The reader has by this time discovered that there is a perfect unity of thought in the poem, that not only has the poet been consistent in each stanza with the ideas of all the others, but that nowhere have distracting ideas been introduced. The thought marches straight on to the conclusion. There is a well-defined plan upon which the poem is constructed. This constitutes unity, the primal requisite of every artistic creation. There is, besides the unity in form, a unity of style in the several stanzas so that at no time is the reader sensible of jarring discords or unpleasant lines. There is nothing heavy or clumsy in the lyric; it is everywhere light and graceful, delicately wrought and highly finished. These characteristics give the poem that formal unity without which no composition can lay claim to first rank. The production still possesses an indefinable something that binds its every element together, that gives form and being to it all and makes us sensible that the ode is a whole, complete and unalterable, with as distinct a personality, as perfect a shape, as the urn whose beauty is celebrated. We would resent any modification as violently as we would condemn the vandal who scratched the pictures on the urn or chipped its graceful sides.



OT many generations ago, where you now sit encircled by all that exalts and embellishes civilized life, the rank thistle nodded in the wind and the wild fox dug his hole unscared. Here lived and loved another race of beings.

Beneath the same sun that rolls over our heads the Indian hunter pursued the panting deer; gazing on the same moon that smiles for you, the Indian lover wooed his dusky mate. Here the wigwam blaze beamed on the tender and the helpless, the council fire glared on the wise and the daring. Now they dipped their noble limbs in your sedgy lakes, and now they paddled the light canoe along your rocky shores. Here they warred; the echoing whoop, the defying death song, both were here; and when the tiger strife was over, here curled the smoke of peace.

Here, too, they worshipped; and from many a dark bosom went up a pure prayer to the Great Spirit. He had not written His laws for them on tables of stone, but He had traced them on the tables of their hearts. The poor child of nature knew not the God of Revelation, but the God of the universe he acknowledged in everything around. He beheld Him in the star that sank in beauty behind his lowly dwelling; in the sacred orb that flamed on him from his midday throne; in the flower that swayed in the morning breeze; in the lofty pine that had defied a thousand whirlwinds; in the fearless eagle whose untired pinion was wet in clouds.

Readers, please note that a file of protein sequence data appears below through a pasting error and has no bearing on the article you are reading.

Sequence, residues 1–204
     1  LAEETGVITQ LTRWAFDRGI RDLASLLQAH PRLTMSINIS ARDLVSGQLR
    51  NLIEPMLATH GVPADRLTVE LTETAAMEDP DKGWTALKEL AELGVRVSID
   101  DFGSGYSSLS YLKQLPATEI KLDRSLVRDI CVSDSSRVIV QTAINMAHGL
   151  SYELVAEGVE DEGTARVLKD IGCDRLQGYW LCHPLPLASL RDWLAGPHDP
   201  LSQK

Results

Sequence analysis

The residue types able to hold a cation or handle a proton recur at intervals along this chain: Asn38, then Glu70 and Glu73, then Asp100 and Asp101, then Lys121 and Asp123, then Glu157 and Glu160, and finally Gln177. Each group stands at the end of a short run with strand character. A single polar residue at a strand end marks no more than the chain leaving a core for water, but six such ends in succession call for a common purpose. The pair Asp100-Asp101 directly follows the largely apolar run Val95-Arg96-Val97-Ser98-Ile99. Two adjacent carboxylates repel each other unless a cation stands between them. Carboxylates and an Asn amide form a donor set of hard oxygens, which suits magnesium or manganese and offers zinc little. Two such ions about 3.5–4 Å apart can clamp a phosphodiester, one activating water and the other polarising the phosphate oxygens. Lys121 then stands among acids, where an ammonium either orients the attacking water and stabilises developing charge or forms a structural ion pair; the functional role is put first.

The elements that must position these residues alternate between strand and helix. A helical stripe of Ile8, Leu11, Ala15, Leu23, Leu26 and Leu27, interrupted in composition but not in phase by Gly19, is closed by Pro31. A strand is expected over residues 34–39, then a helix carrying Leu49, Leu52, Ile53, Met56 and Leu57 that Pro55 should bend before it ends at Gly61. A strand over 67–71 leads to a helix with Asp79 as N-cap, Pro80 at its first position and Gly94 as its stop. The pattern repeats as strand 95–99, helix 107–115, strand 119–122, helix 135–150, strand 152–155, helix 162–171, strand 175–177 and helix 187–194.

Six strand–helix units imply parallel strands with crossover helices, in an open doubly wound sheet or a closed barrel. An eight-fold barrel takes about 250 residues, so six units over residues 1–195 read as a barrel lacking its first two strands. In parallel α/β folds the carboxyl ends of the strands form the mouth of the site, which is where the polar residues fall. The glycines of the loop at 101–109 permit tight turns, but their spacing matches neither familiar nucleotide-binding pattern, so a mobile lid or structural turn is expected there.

1. This selection is from a speech delivered by Mr. Sprague at Boston on the Fourth of July, 1825.

2. Charles Sprague was a New England banker, who wrote a great deal and achieved extended popularity as an orator. IIis style of speaking was brilliant and impressive, and his speeches were strong and influential. He was a great-hearted, sympathetic man, and the wrongs of the Indians early appealed to him.

He was born in Boston in 1791 and died in 1875.


And all this had passed away. Across the ocean came a Pilgrim bark, bearing the seeds of life and death. The former were sown for you, the latter sprang up in the path of the simple native. Two hundred years have changed the character of a great continent, and blotted forever from its face a whole, peculiar people. The Indian of falcon glance and lion bearing, the hero of the pathetic tale, is gone! And his degraded offspring crawl upon the soil, where he walked in majesty, to remind us how miserable is man when the foot of the conqueror is on his neck.

As a race, they have withered from the land. Their arrows are broken, their springs have dried up, their cabins are in the dust. Their council fire has long since gone out on the shore, and their war cry is fast dying away to the untrodden west. Slowly and sadly they climb the distant mountains and read their doom in the setting sun. They are shrinking before the mighty tide which is pressing them away; they must soon hear the roar of the last wave which will settle over them forever.

1. Words AND PHRASES. “Generations” (par. 1). A generation, in this sense, means the average life of man from father to son, that is, about one-third of a century.